Country 105

 

     
Country 105

Country 105


Agriculture Report

New Deadstock Rules in Ontario

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Longer list of options for farmers as Canada talks tough with beef.


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Ontario producers now have a longer list of options for disposing of dead livestock -- but remain on the hook for the costs.

Poultry and other farmed animals not covered by the previous Dead Animal Disposal Act of 1968 are now included in the regulations.

But farmers are protesting the demise of provincial funding for deadstock disposal.

Conservative farm critic Ernie Hardeman says it's only a matter of time before carcasses start piling up because some farmers are unwilling to pay to have their dead animals hauled away.

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Canada is putting pressure on South Korea to resume imports of Canadian beef from animals under 30 months of age.

Federal Agriculture Minister Gerry Ritz says he could go to the World Trade Organization's disputes panel.

Canadian beef has not been allowed in South Korea since the first case of mad cow disease was discovered in Alberta in May 2003.

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The Canadian Beef Export Federation supports the tougher stand federal Agriculture Minister Gerry Ritz is taking on beef trade with South Korea.

The federation believes the Asian country will only resume imports if forced to do so by the World Trade Organization's disputes panel.

Ritz says South Korea has until the end of this month to announce a timeline to reintroduce Canadian beef.

In 2002, Canadian beef exports to the Korean market were 17 thousand tonnes with a value of 60 million dollars.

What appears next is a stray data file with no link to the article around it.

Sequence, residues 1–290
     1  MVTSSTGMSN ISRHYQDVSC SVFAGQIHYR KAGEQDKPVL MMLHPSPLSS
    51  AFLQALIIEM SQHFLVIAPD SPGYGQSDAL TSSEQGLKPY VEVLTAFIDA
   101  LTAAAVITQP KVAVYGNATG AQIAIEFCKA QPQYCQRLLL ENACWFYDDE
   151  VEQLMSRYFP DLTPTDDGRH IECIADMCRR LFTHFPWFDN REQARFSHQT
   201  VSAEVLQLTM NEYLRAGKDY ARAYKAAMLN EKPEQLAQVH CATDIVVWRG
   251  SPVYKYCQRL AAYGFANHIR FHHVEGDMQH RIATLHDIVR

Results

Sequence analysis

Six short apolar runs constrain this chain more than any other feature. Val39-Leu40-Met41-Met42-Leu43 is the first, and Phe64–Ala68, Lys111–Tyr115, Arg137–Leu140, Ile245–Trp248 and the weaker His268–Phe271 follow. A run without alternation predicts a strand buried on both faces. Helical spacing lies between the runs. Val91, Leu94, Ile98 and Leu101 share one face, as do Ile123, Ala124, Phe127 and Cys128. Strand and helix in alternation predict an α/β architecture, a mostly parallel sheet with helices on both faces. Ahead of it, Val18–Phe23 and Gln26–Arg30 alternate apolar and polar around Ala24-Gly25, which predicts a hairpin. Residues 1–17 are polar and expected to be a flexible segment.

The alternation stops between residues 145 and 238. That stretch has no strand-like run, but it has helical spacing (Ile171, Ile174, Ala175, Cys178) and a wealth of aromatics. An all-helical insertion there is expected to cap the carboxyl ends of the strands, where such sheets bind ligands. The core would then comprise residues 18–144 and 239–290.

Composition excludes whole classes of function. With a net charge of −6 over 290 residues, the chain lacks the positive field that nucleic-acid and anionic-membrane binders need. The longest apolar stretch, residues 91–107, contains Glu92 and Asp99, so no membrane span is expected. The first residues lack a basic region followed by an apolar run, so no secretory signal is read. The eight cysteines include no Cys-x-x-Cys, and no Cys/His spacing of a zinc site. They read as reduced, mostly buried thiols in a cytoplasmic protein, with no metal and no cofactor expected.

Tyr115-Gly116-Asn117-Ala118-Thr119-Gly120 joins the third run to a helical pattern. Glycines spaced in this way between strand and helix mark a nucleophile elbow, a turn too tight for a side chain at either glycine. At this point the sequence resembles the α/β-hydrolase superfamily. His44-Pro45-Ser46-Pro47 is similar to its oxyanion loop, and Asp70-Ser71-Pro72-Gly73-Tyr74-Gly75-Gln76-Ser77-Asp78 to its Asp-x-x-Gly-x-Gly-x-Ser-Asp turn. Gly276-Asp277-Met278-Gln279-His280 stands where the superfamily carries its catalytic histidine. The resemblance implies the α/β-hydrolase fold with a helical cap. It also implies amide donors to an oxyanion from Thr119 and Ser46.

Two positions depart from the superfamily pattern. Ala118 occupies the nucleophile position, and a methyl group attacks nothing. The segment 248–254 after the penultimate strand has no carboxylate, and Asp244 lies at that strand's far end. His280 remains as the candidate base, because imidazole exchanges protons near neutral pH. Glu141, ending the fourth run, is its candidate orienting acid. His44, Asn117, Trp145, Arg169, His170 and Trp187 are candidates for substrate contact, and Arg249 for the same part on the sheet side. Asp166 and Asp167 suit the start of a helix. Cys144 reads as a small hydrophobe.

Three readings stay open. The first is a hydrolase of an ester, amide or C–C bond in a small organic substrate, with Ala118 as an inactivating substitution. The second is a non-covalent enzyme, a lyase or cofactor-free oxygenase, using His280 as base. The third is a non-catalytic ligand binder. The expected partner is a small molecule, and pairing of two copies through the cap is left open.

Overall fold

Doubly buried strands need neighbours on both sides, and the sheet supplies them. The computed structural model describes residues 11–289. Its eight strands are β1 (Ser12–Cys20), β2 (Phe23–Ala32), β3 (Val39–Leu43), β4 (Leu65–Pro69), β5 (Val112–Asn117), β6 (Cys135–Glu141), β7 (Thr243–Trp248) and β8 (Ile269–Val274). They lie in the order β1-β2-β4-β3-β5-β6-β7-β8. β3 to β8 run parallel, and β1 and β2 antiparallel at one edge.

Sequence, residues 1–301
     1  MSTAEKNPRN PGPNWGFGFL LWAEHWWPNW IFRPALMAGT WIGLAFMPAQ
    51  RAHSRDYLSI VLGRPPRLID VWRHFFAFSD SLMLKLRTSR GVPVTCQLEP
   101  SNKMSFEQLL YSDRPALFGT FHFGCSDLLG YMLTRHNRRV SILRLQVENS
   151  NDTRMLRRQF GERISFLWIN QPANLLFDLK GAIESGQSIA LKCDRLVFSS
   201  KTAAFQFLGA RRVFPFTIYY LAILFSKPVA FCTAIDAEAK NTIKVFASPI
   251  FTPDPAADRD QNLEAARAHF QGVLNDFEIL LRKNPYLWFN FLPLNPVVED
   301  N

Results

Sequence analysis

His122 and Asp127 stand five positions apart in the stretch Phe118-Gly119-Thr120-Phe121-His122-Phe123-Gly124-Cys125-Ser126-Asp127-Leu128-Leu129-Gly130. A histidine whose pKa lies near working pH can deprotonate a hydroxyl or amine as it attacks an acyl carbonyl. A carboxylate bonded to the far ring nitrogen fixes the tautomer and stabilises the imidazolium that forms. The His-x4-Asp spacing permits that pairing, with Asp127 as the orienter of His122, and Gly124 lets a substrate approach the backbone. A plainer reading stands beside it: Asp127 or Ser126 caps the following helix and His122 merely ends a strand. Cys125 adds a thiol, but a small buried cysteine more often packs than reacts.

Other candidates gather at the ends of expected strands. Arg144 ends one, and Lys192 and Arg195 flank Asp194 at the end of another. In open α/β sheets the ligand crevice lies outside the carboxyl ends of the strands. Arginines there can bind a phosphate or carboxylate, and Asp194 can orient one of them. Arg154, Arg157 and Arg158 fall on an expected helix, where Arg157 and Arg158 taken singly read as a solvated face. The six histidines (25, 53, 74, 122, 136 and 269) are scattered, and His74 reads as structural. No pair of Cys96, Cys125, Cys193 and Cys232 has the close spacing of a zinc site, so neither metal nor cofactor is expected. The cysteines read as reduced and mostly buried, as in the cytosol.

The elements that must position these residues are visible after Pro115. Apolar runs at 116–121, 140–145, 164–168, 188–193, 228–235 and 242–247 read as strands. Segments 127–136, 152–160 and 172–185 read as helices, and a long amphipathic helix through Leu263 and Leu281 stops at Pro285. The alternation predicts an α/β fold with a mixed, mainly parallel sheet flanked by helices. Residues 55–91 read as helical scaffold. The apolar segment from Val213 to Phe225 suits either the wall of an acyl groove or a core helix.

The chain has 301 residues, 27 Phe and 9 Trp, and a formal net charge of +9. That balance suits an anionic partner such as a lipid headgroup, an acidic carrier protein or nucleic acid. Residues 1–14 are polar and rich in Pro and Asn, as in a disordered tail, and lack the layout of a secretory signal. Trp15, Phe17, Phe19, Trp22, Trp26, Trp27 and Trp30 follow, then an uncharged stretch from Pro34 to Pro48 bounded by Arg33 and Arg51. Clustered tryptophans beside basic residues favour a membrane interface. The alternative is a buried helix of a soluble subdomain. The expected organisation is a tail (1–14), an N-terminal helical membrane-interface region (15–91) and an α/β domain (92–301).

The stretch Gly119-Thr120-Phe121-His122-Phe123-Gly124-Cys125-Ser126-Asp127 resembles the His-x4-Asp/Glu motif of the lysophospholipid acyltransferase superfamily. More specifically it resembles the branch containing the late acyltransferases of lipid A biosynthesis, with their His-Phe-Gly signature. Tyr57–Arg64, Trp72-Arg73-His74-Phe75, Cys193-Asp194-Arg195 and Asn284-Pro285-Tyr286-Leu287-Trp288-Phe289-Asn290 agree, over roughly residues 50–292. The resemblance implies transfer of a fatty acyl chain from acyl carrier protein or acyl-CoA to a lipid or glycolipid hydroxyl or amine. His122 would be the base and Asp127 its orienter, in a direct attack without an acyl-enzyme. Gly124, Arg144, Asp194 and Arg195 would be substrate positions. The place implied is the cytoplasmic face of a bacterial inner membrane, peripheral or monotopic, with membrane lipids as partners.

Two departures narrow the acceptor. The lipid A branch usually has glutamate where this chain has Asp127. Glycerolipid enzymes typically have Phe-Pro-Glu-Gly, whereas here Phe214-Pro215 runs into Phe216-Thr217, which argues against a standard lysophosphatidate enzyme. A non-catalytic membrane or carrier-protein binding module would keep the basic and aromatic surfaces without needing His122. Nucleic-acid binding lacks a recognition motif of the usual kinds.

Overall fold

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An industry group representing oat and barley growers, processors and marketers in Ontario has joined the Grain Growers of Canada.

President Doug Robertson welcomes the Ontario barley council, which he says includes farmers who bring experience on the issues facing the supply chain.

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A study by researchers at the University of Regina suggests consumers remain reluctant to consume Maple Leaf Foods products.

It has been 6 months since the company recalled products contaminated with Listeria.

The survey of nearly one-thousand consumers across Canada found that 40 per cent of people who knew about the recall have not eaten Maple Leaf products since.

But the survey also suggests that Canadians believe Maple Leaf did a good job dealing with the crisis.

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Cargill has pledged 30-thousand dollars per year for the next 3 years to support the National 4-H Citizenship Seminar.

The seminar -- held annually in Ottawa since 1972 -- gives senior 4-H delegates the opportunity to travel to the capital to learn about governance.

More than 50 delegates are to visit Ottawa over the next week for this year's seminar.

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Just over 400 head of livestock -- mostly beef cattle and a few horses -- have been reported missing in Saskatchewan since October.

That's according to 48 producer reports filed to the R-C-M-P and Provincial Livestock Inspection Offices.

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A study released in the U-S says older people who eat large amounts of red and processed meats face a greater risk of death from heart disease and cancer.

The 10 year study of a half-million people over the age of 50 shows that eating the equivalent of a quarter-pound hamburger each day spikes the odds of death from cancer and heart disease.

 


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